A Michigan doctor has been accused of performing female genital mutilation surgery on multiple girls, some as young as six years old.
Dr. Jumana Nagarwala, 44, was arrested Wednesday for allegedly performing the procedure on multiple young girls over the past 12 years. Nagarwala, an emergency room clinic physician at the Henry Ford Hospital in Detroit, allegedly carried out the surgeries at a clinic in a nearby suburb, prosecutors said. Nagarwala’s attorney did not immediately respond to request for comment.
“The alleged criminal activity did not occur at any Henry Ford facility. We would never support or condone anything related to this practice,” hospital spokesperson David Olejarz told The Daily Beast in a statement. Olejarz confirmed that Nagarwala has been placed on administrative leave.
The FBI and Department of Homeland Security’s investigations unit received a tip that Nagarwala was performing the surgeries at a clinic in Livonia, about a 20-minute drive from the hospital where she works. Nagarwala’s case is believed to be the first under the 1996 federal law that criminalizes FGM.
FGM, also known as female circumcision, is a practice that intentionally alters or removes the external female genitalia for non-medical reasons. The practice “reflects deep-rooted inequality between the sexes,” according to the World Health Organization, and is a “violation of the rights of girls and women.” Despite prevention efforts, the practice endures in some parts of Africa, Asia, and the Middle East, especially in rural communities.
Last year, the Centers for Disease Control and Prevention estimated that, as of 2012, more than 500,000 women and girls in the United States have already undergone the procedure or are at risk of being subjected to it in the future. That number is more than triple the agency’s 1990 estimate.
According to the criminal complaint, at least two seven-year-old girls were allegedly brought to Nagarwala’s clinic from out of state to undergo to the procedure. One of the alleged victims told investigators that she and another girl were brought to Detroit for a “special” girls’ trip and that they had to go to the doctors because their “tummies hurt.”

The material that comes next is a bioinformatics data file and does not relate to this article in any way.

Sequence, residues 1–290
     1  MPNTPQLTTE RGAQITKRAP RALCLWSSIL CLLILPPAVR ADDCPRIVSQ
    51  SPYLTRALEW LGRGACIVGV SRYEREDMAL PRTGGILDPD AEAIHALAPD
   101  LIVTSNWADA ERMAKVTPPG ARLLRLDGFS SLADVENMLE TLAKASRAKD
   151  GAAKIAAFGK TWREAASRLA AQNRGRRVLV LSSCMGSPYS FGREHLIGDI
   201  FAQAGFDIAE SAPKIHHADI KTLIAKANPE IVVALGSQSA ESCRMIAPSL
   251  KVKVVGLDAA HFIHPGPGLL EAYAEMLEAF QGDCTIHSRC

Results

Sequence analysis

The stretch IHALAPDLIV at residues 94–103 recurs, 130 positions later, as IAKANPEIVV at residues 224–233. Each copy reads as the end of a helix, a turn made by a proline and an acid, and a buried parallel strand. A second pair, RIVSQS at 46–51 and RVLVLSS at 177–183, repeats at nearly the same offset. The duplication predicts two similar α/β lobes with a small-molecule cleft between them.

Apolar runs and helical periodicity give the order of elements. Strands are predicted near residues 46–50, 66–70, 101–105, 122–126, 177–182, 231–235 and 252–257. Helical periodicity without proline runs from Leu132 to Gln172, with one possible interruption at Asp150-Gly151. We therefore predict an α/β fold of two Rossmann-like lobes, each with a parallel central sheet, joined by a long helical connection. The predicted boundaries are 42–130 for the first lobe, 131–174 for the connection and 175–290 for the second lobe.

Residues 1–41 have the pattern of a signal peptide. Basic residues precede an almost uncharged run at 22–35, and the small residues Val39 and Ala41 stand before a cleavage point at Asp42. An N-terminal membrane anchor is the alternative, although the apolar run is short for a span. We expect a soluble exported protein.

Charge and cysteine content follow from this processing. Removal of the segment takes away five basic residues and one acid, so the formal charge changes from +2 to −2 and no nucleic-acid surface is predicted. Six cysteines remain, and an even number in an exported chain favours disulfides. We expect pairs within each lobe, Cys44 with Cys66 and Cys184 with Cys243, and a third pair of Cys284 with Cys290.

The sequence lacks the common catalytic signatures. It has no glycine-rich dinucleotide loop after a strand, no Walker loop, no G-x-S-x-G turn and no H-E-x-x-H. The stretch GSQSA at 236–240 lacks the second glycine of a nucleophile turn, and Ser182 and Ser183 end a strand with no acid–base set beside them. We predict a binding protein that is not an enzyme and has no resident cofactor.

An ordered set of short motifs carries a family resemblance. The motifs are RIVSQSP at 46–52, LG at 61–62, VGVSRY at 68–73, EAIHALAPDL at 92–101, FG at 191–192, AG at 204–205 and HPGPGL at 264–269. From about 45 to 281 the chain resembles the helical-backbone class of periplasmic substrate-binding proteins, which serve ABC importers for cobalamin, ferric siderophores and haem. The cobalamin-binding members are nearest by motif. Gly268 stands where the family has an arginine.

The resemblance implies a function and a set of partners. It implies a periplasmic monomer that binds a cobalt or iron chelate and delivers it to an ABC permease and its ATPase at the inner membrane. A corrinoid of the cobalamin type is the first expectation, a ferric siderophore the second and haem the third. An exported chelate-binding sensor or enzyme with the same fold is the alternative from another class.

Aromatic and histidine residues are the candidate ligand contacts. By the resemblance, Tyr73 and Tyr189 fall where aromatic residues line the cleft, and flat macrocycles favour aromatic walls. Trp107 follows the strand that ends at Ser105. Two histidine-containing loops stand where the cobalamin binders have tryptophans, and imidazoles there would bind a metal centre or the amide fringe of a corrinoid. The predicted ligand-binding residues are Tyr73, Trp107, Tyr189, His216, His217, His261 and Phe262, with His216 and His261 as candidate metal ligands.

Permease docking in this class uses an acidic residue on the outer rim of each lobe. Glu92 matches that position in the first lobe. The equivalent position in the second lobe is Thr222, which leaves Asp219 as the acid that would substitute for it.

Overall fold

The first girl told investigators that she took off her pants and underwear and laid on an examining table, where she was “pinched” by Nagarwala on the “place [where] she goes pee.”
The second girl described a similar situation, telling investigators that she went to a doctor’s office in Detroit, took off her pants and underwear, and was placed on an operating table where she “got a shot” on her upper right thigh. After the procedure, she said, she felt pain down to her ankle and could barely walk, but Nagarwala allegedly told her she was fine.
Both girls’ parents told them they couldn’t tell anyone about the procedure. Both identified an unmarked photo of Nagarwala and said she was the doctor who they met in Detroit.
Doctors in Minnesota examined both of the girls and determined that their genitals were “not normal in appearance.” Both girls had indications of tears, scar tissue, or lacerations.
According to the criminal complaint, the same girl who reported difficulty walking after the procedure told investigators she left one of her winter gloves in Nagarwala’s office. On April 10, FBI agents found a child’s glove in the clinic with the victim’s name written on it. The girl’s parents later confirmed to investigators that they took their daughter to Nagarwala’s clinic for a “‘cleansing’ of extra skin.”
Nagarwala initially denied performing the procedures on those two girls or any other children and told investigators she is aware FGM is illegal in the U.S., according to the criminal complaint. She is being charged with female genital mutilation, transportation with intent to engage in criminal sexual activity, and making a false statement to a federal officer. The FGM charge carries a maximum of five years in prison.
“According to the complaint, despite her oath to care for her patients, Dr. Nagarwala is alleged to have performed horrifying acts of brutality on the most vulnerable victims,” Acting Assistant Attorney General Kenneth Blanco said in a statement.